In the words of the International Campaign for Justice in Bhopal, “poorly trained personnel, rapid turnover, leaking valves, shoddy gauges and inadequate water spray protection were all identified as representing “a higher potential for a serious incident or more serious consequences if an incident should occur”
Equipment and safety regulations
It emerged in 1999, during civil action suits in India, that, unlike Union Carbide plants in the USA, its Indian subsidiary plants were not prepared for problems. No action plans had been established to cope with incidents of this magnitude. This included not informing local authorities of the quantities or dangers of chemicals used and manufactured at Bhopal
The MIC tank’s alarms had not worked for 4 years.
There was only one manual back-up system, not the four-stage system used in the USA.
The flare tower and the vent gas scrubber had been out of service for 5 months before the disaster. The gas scrubber therefore did not attempt to clean escaping gases with sodium hydroxide (caustic soda), which may have brought theconcentration down to a safe level. Even if the scrubber had been working, according to Weir, investigations in the aftermath of the disaster discovered that the maximum pressure it could handle was only one-quarter of that which was present in the accident. Furthermore, the flare tower itself was improperly designed and could only hold one-quarter of the volume of gas that was leaked in 1984.
Though the audible external alarm was activated to warn the residents of Bhopal, it was quickly silenced to avoid causing panic among the residents. Thus, many continued to sleep, unaware of the unfolding drama, and those that had woken assumed any problem had been sorted out.
Doctors and hospitals were not informed of proper treatment methods for MIC gas inhalation. They were told to simply give cough medicine and eye-drops to their patients.
The recent discovery of documents, obtained through discovery in the course of a lawsuit against Union Carbide, for environmental contamination before a New York Federal District Court, revealed that Carbide had exported "untested, unproven technology" to the Indian plant.
Reports issued months before the incident by scientists within the Union Carbide corporation warned of the possibility of an accident almost identical to that which occurred in Bhopal. The reports were ignored and never made it to senior staff.
Union Carbide was warned by American experts who visited the plant after 1981 of the potential of a “runaway reaction” in the MIC storage tank; local Indian authorities warned the company of problems on several occasions from 1979 onwards. Again, these warnings were not heeded.
11 of the 30 “major hazards” documented in a 1982 review occurred in the MIC and phosgene units.
From 1981, inhalation accidents were reported at the factory. Five workers were hospitalised in 1982 after a leak of MIC
An employee was killed in 1981 by a phosgene leak
Soon after, 25 workers were injured after a pump seal failed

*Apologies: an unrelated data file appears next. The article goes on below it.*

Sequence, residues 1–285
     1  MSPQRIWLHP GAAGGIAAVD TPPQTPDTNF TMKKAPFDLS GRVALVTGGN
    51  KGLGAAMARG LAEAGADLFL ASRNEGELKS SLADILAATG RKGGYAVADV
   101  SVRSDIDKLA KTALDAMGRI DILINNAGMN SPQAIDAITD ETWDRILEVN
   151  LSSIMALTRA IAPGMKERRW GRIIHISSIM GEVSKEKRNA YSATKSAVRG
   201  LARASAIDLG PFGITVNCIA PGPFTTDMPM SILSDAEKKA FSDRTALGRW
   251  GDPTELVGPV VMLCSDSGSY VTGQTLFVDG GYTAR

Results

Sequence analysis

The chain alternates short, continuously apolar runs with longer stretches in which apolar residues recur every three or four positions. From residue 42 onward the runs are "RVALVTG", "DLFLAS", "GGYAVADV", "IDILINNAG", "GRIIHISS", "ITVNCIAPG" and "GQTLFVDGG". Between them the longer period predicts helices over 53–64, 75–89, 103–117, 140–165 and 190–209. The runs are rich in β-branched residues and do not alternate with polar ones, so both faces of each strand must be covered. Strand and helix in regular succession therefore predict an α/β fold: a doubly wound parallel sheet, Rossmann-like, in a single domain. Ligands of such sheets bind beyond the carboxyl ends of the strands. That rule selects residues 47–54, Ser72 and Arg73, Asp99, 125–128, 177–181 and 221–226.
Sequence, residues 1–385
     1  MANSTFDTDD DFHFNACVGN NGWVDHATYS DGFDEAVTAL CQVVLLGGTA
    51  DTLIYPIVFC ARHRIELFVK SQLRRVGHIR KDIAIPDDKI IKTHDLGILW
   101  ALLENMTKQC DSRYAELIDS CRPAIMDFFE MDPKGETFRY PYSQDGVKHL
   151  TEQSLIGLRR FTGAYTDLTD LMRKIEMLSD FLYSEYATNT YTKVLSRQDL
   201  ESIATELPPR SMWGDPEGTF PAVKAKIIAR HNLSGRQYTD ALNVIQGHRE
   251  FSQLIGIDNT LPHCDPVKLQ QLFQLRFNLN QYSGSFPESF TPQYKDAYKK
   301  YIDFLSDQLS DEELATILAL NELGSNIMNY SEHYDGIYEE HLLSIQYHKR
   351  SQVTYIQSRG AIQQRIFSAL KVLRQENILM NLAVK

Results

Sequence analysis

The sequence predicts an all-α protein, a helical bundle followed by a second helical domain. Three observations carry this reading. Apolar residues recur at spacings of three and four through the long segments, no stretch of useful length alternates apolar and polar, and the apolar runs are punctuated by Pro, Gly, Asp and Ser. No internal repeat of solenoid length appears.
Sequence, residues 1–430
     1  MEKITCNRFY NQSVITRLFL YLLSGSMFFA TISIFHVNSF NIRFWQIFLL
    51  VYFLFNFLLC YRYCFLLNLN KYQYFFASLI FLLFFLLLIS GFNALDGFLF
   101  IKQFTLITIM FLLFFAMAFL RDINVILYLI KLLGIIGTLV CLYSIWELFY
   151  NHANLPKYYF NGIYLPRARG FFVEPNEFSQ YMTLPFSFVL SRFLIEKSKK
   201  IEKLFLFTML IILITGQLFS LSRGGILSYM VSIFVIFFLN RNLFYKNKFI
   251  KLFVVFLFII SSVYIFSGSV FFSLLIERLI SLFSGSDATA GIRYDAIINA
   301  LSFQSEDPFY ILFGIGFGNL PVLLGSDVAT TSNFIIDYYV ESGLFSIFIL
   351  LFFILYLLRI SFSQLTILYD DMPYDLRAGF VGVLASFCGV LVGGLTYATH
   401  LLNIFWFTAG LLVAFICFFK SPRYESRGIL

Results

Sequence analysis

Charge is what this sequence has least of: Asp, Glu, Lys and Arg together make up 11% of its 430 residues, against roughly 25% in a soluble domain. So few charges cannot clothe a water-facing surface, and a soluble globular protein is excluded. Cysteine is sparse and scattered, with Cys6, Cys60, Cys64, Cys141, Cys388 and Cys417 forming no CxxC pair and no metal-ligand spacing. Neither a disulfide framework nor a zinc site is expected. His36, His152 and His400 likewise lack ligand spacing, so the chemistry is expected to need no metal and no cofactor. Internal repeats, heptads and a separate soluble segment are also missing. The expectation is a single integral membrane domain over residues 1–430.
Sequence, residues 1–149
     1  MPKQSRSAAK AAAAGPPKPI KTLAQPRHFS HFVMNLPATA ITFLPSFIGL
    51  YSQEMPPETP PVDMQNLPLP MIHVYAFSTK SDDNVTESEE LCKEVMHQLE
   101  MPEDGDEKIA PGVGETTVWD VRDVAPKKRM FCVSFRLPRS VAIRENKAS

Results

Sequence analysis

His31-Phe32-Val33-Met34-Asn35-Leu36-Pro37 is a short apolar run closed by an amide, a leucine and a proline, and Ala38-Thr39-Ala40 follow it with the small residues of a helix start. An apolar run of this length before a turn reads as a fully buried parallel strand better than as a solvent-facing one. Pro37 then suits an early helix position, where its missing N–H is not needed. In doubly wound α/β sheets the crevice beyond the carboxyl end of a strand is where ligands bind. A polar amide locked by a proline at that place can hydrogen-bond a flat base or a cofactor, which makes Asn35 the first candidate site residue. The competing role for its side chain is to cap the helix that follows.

Union Carbide’s defense
Now owned by Dow Chemical Company, Union Carbide denies allegations against it on its website dedicated to the tragedy. The corporation believe that the accident was the result of sabotage, claiming that safety systems were in place and operative. It also stresses that it did all it could to alleviate humanitarian suffering following the disaster. These claims are countered by the International Campaign for Justice in Bhopal and others.
The company stresses the “immediate action” taken after the disaster and their continued commitment to helping the victims. On December 4th, the day following the leak, Union Carbide sent material aid and several “international medical experts” to assist the medical facilities in Bhopal.
Carbide put $2 million into the Indian Prime Minister’s immediate disaster relief fund on 11th December 1984. The corporation established the Employees' Bhopal Relief Fund in February 1985, which raised more than $5 million for immediate relief.
Union Carbide also undertook several steps to provide continuing aid to the victims of the Bhopal disaster after the court ruling, including:
Legal action against Union Carbide
Legal issues began affecting Union Carbide, the US and Indian governments, the local authorities in Bhopal and the victims of the disaster immediately after the catastrophe.
Fight for justice
Legal proceedings leading to the settlement
On 14th December 1984, CEO of Union Carbide, Warren Anderson, addressed the US Congress, stressing the company’s “commitment to safety” and promising “to ensure that a similar accident “cannot happen again””. However, the Indian Government passed the Bhopal Gas Leak Act in March 1985, allowing the Government of India to act as the legal representative for victims of the disaster,[leading to the beginning of legal wrangling.
This factory still stands in Bhopal like a hoary symbol of the worst tragedy of the industrial era.
The Union Carbide factory and the face of then Union Carbide chairman Warren Anderson remained etched in the memory of millions of Indians as mascots of all that is wrong with transnational industrial corporations.
Surrounding the skeletal remains of the pesticide factory are maimed survivors of the nuclear winter of what a poet has called DeathSmog Day.
After 20 years, there are as many questions unanswered as the number of people who have died since that fateful day.
“ This should not happen again” As a Chemical Engineer It’s Our